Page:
Tuesday, October 21, 2014

X's on canvas

I am not the only one who makes fun of my cross stitch habit.

People at work do it all the time. I often prompt it, but they readily join in for a turn to rib Grams and the reason she's pushing 30 with no bling on her finger.

A coworker who I love to pieces recently asked me if I have a sewing machine, and not expecting me to actually say yes, got very excited/concerned when I did say yes and told me I was really Sally Homemaker.

Anyone who knew me from the years 1997 through, oh, last year, are likely reading this with a degree of skepticism, since during that time period I wore sweatpants and belched and flexed my muscles whenever given the opportunity.

I still do the final thing on that list, and to all you reading with skepticism, I think that's fine. In fact I'd be worried if you weren't.

So yes. I'm becoming (another friend recently said, "Becoming?") a very domestic lady in recent times. It's a little weird, a little alarming, a little head scratching, and a little great.

While still a slob, a beer drinker, an obnoxious fan at football games -- don't worry, not everything has changed -- I find myself sprinkling baking soda on the carpet, baking muffins, offering bandages to men with cuts on their fingers.

And cross stitching.

I'm not sure why the sudden rush of domesticity in my life (I have theories, but I will keep them to myself for the moment), but I am sure of the why behind the cross stitch obsession:

Because I love it.

My grandma works on a lot of jigsaw puzzles. So do I, and at least one of my brothers does, so this works out nicely when we pay her a visit. We all refill cups of Folgers, melt Hersheys bars in our mouths, and work on a puzzle before us.

Grandma (who loves puzzles) will generally say, at least once per puzzle-assembly session, "This is silly. It's like making a quilt. You cut something into pieces and then put it back together."

She pauses as she says this, but does not take her eyes off the puzzle nor set the puzzle piece in her hand down.

It has occurred to me that cross stitching is one of the slowest ways to put color on canvas.

I don't know how much you know about the craft, but it requires (usually) a specific fabric called Aida fabric, which has strings of thread pulled very tightly in order to create a sort of grid. It's like fabric graph paper, and each corner of a square is a hole, a hole in which a needle can fit through.

[Blah blah blah more details] about how the craft is done, but essentially you cover each teeny weeny square with a diagonal stitch across two corners with some thread, and then add another diagonal stitch across the other corners in order to create an "X," or a cross.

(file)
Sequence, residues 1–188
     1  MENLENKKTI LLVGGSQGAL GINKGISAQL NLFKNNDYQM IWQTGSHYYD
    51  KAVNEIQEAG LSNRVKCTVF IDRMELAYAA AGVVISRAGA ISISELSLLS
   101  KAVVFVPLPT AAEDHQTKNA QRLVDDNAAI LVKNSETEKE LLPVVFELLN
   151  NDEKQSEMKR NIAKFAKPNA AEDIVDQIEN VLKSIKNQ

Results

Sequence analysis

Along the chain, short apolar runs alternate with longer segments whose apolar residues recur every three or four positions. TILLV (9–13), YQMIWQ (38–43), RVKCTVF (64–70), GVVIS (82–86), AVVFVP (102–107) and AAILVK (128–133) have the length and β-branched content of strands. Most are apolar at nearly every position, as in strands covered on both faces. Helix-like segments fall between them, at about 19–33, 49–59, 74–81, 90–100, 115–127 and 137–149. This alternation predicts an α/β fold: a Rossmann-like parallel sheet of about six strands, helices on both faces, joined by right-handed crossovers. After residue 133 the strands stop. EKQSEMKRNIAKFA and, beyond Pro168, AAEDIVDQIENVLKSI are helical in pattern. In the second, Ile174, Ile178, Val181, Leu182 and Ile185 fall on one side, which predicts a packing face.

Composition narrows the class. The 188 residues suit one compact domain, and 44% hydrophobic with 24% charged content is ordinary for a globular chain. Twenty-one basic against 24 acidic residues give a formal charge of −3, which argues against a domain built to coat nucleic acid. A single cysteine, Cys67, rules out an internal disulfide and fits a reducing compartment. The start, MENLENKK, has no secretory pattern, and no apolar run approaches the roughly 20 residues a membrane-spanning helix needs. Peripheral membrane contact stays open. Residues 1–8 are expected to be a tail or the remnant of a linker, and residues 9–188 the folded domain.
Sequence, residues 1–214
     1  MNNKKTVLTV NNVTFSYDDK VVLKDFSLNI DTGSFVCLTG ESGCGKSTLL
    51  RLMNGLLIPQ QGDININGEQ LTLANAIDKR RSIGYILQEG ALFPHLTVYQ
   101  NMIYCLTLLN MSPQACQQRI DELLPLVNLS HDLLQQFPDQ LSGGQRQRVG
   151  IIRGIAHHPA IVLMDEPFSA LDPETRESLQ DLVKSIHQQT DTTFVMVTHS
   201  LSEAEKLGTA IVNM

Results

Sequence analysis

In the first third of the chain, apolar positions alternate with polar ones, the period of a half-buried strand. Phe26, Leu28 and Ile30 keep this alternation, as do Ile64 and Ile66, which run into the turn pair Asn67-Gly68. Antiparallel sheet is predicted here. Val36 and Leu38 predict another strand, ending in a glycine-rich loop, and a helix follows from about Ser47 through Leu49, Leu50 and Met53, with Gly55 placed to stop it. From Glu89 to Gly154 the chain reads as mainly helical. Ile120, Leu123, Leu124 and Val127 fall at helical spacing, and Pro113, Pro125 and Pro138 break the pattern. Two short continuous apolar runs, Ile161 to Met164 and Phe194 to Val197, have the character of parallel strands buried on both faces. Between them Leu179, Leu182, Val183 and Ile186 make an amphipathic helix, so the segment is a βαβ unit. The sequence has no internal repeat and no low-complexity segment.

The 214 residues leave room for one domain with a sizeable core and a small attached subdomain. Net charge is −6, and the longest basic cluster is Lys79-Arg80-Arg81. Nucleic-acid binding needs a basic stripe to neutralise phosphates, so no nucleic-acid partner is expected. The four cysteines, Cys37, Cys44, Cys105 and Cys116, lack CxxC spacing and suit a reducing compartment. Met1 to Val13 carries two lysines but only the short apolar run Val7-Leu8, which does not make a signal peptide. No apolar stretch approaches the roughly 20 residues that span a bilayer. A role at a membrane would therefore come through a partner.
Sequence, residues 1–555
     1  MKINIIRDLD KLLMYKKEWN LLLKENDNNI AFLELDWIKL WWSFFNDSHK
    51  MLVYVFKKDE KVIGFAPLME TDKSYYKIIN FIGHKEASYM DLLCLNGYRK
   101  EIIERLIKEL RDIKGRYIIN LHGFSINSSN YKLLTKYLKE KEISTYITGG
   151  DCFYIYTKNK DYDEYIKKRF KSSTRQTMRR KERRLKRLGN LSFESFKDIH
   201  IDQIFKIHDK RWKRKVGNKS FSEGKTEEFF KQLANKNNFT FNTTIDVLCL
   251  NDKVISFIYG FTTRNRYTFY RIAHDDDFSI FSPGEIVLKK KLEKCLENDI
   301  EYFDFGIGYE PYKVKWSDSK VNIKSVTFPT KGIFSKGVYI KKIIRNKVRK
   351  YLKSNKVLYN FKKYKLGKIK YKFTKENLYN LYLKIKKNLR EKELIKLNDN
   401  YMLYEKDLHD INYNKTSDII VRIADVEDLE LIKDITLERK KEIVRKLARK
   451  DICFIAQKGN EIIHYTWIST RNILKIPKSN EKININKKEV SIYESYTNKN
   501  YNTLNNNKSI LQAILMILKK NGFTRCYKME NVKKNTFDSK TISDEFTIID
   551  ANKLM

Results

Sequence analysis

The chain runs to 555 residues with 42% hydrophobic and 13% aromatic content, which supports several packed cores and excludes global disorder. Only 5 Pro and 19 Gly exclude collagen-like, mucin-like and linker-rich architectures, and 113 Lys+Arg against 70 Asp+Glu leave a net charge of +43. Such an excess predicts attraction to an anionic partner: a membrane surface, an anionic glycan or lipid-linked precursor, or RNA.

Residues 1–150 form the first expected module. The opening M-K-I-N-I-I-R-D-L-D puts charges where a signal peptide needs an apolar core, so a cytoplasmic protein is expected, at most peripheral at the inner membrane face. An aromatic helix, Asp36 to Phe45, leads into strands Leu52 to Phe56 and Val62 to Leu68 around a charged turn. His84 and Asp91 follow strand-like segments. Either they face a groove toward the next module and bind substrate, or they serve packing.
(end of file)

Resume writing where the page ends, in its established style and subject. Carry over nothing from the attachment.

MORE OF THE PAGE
Hence the name cross stitch.

I'm not kidding when I say these squares are teeny weeny. I'm amazed I am yet to get a corrective lens prescription, and I am already pricing out eye exams at Costco, because my brow is rather furrowed these days.

So, because the squares are teeny weeny, and because one makes several teeny weeny stitches over and over and over, when you step back a ways from the canvas, eventually you start to see a picture. Each white square is almost completely covered by colorful thread, and like a series of dots of ink or muddled Van Gogh brush strokes, it -- slowly, slowly -- forms a picture.

Honestly this activity is probably something the pilgrims did to pass the winter evenings. But some of us freaks find this thrilling in 2014.

The same friend who smirked when I tried to pretend I am only becoming domestic has admired my patience and talent for this craft. I told him I'm not sure it's a talent, as it's more of a craft than an art (and I use patterns, so for me the creativity really isn't in it).

And he's not the first to mention the patience. But to me it doesn't take patience. It really is a labor of love. Which is why I've stitched so many bibs for babes. Babes who may not even wear my gifts, if their mothers are afraid to dirty my work, or frankly maybe just don't care to use the bib. But I make them anyway.

The quick reasons why I like love stitching so much are:

1) I can't explain why
2) I love color
3) I love math

I -- and I mean this -- love looking at the busy color-coded graphs that come with each project and translating each square on the graph to each square on the cloth, figuring out exactly where each "X" is to land, in order to uphold the integrity of the whole, final image.

It takes me hours (days, weeks, for some, total) to finish each project. But I only look to the clock in a reluctant manner, when I decide I need to quit for the evening to rest up for the evening. And then I literally sit at my desk the next day and think about stitching.